VeriSign Claims SiteFinder Does Not Undermine Stability of Net
Oct 7, 2003 7:22 PM PT
Infrastructure bad boy VeriSign defended itself today, asserting it could find no evidence that its controversial SiteFinder redirector service had compromised the stability, security or performance of the Internet.
"VeriSign conducted extensive evaluation and testing of the service both internally and externally and with the assistance of third-party experts," the company said in a statement. "The prelaunch testing results indicated, and current operational data confirms, no impact to the stability of the Internet."
Verisign added that it is "fully committed to a secure, stable and interoperable Internet that will continue to innovate and grow in a responsible manner." It is important to recognize, said the company, that striving to make the user experience the best it can be "without sacrificing stability and security is an objective that benefits us all."
SiteFinder is a service that redirects users who input nonexistent Internet addresses to a VeriSign site, which offers possible alternatives to the dead-end address as well as search functions, browsing features and advertisements.
Critics of the service have said that VeriSign is unfairly exploiting its position as the caretaker of all .com and .net domain names -- and their numerical IP equivalents -- on the Internet.
Analysts also have criticized the service for increasing the load on e-mail transfer agents and interfering with some spam filters that depend on the accuracy of the domain name system to determine whether or not a piece of e-mail is spam.
In response to a request by the governing body of the Internet, the Internet Corporation for Assigned Names and Numbers (ICANN), VeriSign suspended operation of SiteFinder last Saturday for an unspecified period.
Responding to VeriSign's defense, Steve Crocker, ICANN's security and stability advisory committee liaison, told TechNewsWorld: "Our job is to examine the facts and report what we see. We've received reports of several specific problems, but beyond any specifics is the larger question of the stability of the architecture and operation of the core services on the Internet."
ICANN's first concern, said Crocker, is the fact that the core domain name service was changed and that it was done abruptly without coordination with the community. "That creates instability," he told TechNewsWorld.
"There may be additional stability issues related to SiteFinder and how it's configured," he said. "It takes a while to look into this closely, which is why it's regrettable that VeriSign didn't share their plans and engage the community, and this is why we are looking into this matter in depth. We haven't reached a conclusion yet."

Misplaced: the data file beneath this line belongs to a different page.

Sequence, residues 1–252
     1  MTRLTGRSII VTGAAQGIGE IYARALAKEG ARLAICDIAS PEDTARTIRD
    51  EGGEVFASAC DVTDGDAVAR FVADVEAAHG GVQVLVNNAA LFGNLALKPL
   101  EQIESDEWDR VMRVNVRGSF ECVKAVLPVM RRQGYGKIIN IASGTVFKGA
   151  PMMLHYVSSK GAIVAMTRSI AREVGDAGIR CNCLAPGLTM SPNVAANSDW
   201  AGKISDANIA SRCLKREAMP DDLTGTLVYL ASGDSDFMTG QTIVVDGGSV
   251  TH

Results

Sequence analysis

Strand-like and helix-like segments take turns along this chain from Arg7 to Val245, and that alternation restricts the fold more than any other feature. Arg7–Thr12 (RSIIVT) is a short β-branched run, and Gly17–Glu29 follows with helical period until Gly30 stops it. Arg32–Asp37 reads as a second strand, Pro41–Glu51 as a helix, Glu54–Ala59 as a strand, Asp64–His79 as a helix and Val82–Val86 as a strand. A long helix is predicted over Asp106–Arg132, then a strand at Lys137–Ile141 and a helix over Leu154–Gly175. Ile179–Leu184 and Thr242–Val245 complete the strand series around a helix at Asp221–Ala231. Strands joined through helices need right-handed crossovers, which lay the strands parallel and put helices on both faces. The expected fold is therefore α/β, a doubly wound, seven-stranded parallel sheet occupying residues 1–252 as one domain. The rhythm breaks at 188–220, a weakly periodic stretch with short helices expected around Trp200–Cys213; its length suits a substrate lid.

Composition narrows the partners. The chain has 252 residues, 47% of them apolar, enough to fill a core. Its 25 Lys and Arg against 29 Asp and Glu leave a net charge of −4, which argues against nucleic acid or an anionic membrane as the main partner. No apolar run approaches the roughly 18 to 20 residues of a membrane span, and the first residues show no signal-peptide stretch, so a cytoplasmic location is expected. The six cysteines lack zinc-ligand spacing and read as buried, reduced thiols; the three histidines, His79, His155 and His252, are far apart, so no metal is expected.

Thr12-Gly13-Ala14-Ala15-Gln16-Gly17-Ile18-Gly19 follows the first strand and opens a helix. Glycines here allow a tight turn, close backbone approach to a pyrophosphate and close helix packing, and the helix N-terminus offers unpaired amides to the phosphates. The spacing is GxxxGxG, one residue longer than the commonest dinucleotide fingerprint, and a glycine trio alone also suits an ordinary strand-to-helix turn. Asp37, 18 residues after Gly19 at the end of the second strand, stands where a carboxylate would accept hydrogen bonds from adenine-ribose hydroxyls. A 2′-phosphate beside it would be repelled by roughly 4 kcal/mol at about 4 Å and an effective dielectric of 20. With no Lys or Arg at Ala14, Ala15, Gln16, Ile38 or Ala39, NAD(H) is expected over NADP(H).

There are larger issues involved, admitted Jim Hock, a spokesperson for VeriSign, but those issues are more substantial than the stability of the Internet's architecture. "We look at this as a larger issue of where innovation is going on the Internet," Hock told TechNewsWorld. "The Internet has seen lots of innovation in the last few years, but the Internet itself has not been innovative."
He contended that the governing structure of the Internet needs to be "enhanced" if innovation is going to flourish on the Net. "There is a need for a debate over innovation on the Internet," he said.
Maybe such a debate will take place in the sit-down sessions ICANN requested in a letter sent to VeriSign on Monday.
"We want a meeting with VeriSign where they can lay out all their data and state their case," explained ICANN spokesperson Mary Hewett. "We're interested in what they have to say, and we'd like to have a healthy dialogue ensue."
VeriSign already has begun a public relations offensive to brighten the image of SiteFinder. The company released a statement today rebutting a report by the Internet Architecture Board that was critical of the technology underlying SiteFinder.
Users Like Service
The company also released poll findings indicating that users liked the service. In a survey conducted by Maritecture and Harris Interactive, 84 percent of Internet users said they preferred being redirected to SiteFinder rather than receiving an error message.
"Internet users clearly have found SiteFinder a helpful tool to navigate the Web," Russell Lewis, VeriSign's executive vice president for the Naming and Directory Services Group, said in a statement.
"We will continue to take feedback from both Internet users and the technical community on how we can ensure that the service is available for the many Internet users who clearly like it," Lewis said.